Latest Dialogue[edit]

In the most recent summit held in June 2011, there was a marked shift in the debate towards non-traditional security issues as well as on the South China Sea.[9][10] Malaysian Prime Minister Najib in his keynote address mentioned new multilaterism to deal with security challenges to the region includes people smuggling, drug trafficking, terrorism and nuclear proliferation.[11] China was represented at the summit for the first time at full ministerial level. Chinese Defence Minister General Liang Guanglie indicated China's peaceful rise in the region and willingness to work with neighbouring countries to resolve competing claims to disputed territorial claims in the South China Sea.[11][12][13]

The United States reiterated its commitment to the Asia Pacific region despite having budgetary constraints, wars and a waning domestic economy.[11][14] Outgoing US defence secretary Robert Gates said he will bet anyone $100 that in the next five years US influence will be strong if not stronger than today.[15] The United States has always been seen as the preeminent power in the pacific rim and now has to accommodate an emerging China to help maintain stability and security in the region.[16][17][18]

Format[edit]

Plenary Sessions[edit]

Each summit typically is opened by a keynote address, historically given by a prominent Singaporean figure. Beginning in 2009, a head of state or head of government has delivered the keynote address. Australian Prime Minister Kevin Rudd in 2009, the President of the Republic of Korea Lee Myung-Bak in 2010, and Malaysian Prime Minister Dato' Sri Najib Tun Razak in 2011 respectively delivered the opening speech. Five plenary sessions are held across the remaining two days of the summit where all participants are expected to be present. These on-record sessions are usually led by a minister or equivalent and the press are invited to report on them. By 2006, plenary speaking slots are allocated only to ministers or senior officials from a delegation.

Break-out Groups[edit]

Introduced by the second summit in 2003, break-out groups are held concurrently with each other and allow more open discussion between participants on specific issues. These sessions also ensure that sufficient time is available during the summit for ministers to hold bilateral meetings. The break-out groups are strictly off-the-record so that officials could advance policy goals more freely. The break-out groups are usually chaired by a senior IISS staff member. By 2006, break-out group speaking slots are allocated only to ministers or senior officials from a delegation.[3]

Bilateral Meetings[edit]

While largely unpublicised, the Shangri-La Dialogues provide an annual venue for ministers, CHODs, and top defence officials to network and expand their defence diplomacy in private, both bilaterally and multilaterally. Rooms are reserved for the meetings to take place during breaks. A government delegation might typically arrange 15-20 such encounters, lasting half an hour each, over the course of the summit. Singapore's defence minister usually also hosts multilateral private lunches.

Non-Government Delegates[edit]

The summit has been consistently attended by a mix of 200-plus non-government delegates, which include politicians, academics, businessmen, think tank analysts, media and other NGO personnel. This has given the SLD an aspect of a Track Two process, even though it is primarily a Track One event. Taylor notes that there are limited opportunities for interaction between non-government and government representatives.[1] The composition of non-government delegates are dynamic efforts are made so that the SLD does not become an "exclusive club".[1]

Impact[edit]

Shangri-La has contributed to the enhancement of defence diplomacy by participating countries, in part by inspiring similar forums in other regions (e.g. the Halifax International Security Forum).

The 2010 Chinese Defence White paper explicitly mention senior Chinese participation in Shangri-La Dialogue since 2007 as one of their forums of participation in regional security cooperation.[19] The IISS thinks that China's increased representation shows their eagerness to increase their engagement on a multilateral level and a recognition that the PLA wants to soften its image after a series of steps that were seen as too aggressive resulted in a downturn in relations with its neighbors.[20]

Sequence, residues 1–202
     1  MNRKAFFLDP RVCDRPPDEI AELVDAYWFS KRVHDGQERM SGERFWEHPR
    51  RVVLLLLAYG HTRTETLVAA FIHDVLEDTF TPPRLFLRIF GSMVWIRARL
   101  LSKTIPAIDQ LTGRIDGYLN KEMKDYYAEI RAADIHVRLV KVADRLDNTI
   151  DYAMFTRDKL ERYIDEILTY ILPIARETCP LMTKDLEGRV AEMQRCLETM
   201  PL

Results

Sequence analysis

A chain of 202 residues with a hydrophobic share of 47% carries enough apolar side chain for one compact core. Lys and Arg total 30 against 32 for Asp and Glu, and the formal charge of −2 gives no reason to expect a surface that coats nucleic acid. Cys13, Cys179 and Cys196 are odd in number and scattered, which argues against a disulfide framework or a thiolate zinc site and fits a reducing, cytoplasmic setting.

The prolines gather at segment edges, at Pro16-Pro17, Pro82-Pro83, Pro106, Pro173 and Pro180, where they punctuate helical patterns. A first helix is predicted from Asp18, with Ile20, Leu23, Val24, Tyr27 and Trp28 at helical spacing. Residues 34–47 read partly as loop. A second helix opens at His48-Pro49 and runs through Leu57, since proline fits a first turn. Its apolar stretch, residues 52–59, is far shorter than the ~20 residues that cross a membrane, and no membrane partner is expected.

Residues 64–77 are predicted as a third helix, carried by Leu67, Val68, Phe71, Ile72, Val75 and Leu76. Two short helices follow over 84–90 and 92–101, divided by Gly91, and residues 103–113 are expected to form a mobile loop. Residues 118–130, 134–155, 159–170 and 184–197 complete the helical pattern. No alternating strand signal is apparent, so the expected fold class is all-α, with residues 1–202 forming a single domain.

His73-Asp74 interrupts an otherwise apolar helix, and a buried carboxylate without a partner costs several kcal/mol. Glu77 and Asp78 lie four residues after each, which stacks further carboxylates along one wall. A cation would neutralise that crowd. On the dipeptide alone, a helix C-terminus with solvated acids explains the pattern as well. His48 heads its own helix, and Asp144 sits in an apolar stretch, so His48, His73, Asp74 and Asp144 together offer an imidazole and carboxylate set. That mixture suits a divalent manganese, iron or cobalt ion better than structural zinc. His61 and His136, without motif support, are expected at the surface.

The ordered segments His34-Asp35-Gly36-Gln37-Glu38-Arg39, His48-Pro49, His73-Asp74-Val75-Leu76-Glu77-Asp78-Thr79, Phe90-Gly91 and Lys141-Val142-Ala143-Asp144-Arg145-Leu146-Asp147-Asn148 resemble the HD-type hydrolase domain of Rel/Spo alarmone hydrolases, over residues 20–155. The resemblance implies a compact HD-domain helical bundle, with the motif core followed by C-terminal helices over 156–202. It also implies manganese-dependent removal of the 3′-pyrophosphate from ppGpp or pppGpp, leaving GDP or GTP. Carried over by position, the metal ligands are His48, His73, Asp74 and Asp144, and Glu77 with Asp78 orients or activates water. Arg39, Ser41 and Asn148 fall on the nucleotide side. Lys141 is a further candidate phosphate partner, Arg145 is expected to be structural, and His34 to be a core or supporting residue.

See also[edit]

References[edit]

Footnotes[edit]

  1. ^ a b c d David Capie, Brendan Taylor (2010). The Shangri-La Dialogue and the Institutionalization of Defence Diplomacy in Asia. The Pacific Review Vol 23 No 3. 
  2. ^ The International Herald Tribute, ASEAN Needs To Firm Up, July 31 2002
  3. ^ a b c d 5th Dialogue report (2006). The Shangri-La Dialogue: The 5th Anniversary IISS Asia Security Conference. p11-19: The International Institute for Strategic Studies. 
  4. ^ Asahi Shimbun, INTERVIEW/ Tony Tan, ex-Singapore deputy PM: Shangri-La Dialogue a success, July 1 2011
  5. ^ Taipei Times, Asian multilateralism gets a lift, 2 August 2002
  6. ^ The Straits Times, Need For A Regional Network To Fight Terrorism, 6 August 2002
  7. ^ Ralph A Cossa (2002-08-02). "Regional Security: Different Targets". Far Eastern Economic Review. 
  8. ^ 7th Dialogue report (2008). The Shangri-La Dialogue: The 7th IISS Asia Security Conference. p5: The International Institute for Strategic Studies. 
  9. ^ Sheryn Lee. "The tenth Shangri-La Dialogue". 
  10. ^ Yoichi Kato. "Tony Tan, ex-Singapore deputy PM: Shangri-La Dialogue a success". 
  11. ^ a b c Dan De Luce (June 8, 2011). "Cold War mentality hinders peace in Asia-Pacific". AFP. 
  12. ^ Kevin Lim; Charmian Kok; John Ruwitch; Sanjeev Miglani; Robert Birsel (Jun 5, 2011). "China says will not threaten anyone with modern military". Reuters. 
  13. ^ Kathrin Hille; Demetri Sevastopulo (June 5, 2011). "Cordiality hides undercurrent at Asian summit". The Financial Times Ltd. 
  14. ^ "Gates vows new weapons for US role in Asia". 
  15. ^ Gavin Fang (6 June 2011). "Shangri-La Dialogue". Australia Network, ABC. 
  16. ^ Tao Wenzhao (2011-06-08). "Exchanges will build trust". China Daily. 
  17. ^ BERNAMA (June 3, 2011). "Asean Eyes Constructive Relations With China, India - Najib". BERNAMA. 
  18. ^ BERNAMA (June 4, 2011). "Champion In Defence Diplomacy Makes Najib Opening Speaker Of Shangri-La Dialogue". BERNAMA. 
  19. ^ Wang Guanqun, Ed. (2011-03-31). "China's National Defense in 2010". 
  20. ^ Josh Rogin and Philip Walker. (2011-06-01). "U.S. and China set for military talks in Singapore". 

Bibliography[edit]

  • David Capie and Brendan Taylor, 'The Shangri-La Dialogue and the Institutionalization of Defence Diplomacy in Asia' (March 25, 2010). Available at SSRN: [1]
  • Fu-kuo Liu, 'Implication of ‘Shangri-La Dialogue’ for Taiwan', Strategic and Security Analyses, Vol.38 (June 2008). [In Chinese]

External links[edit]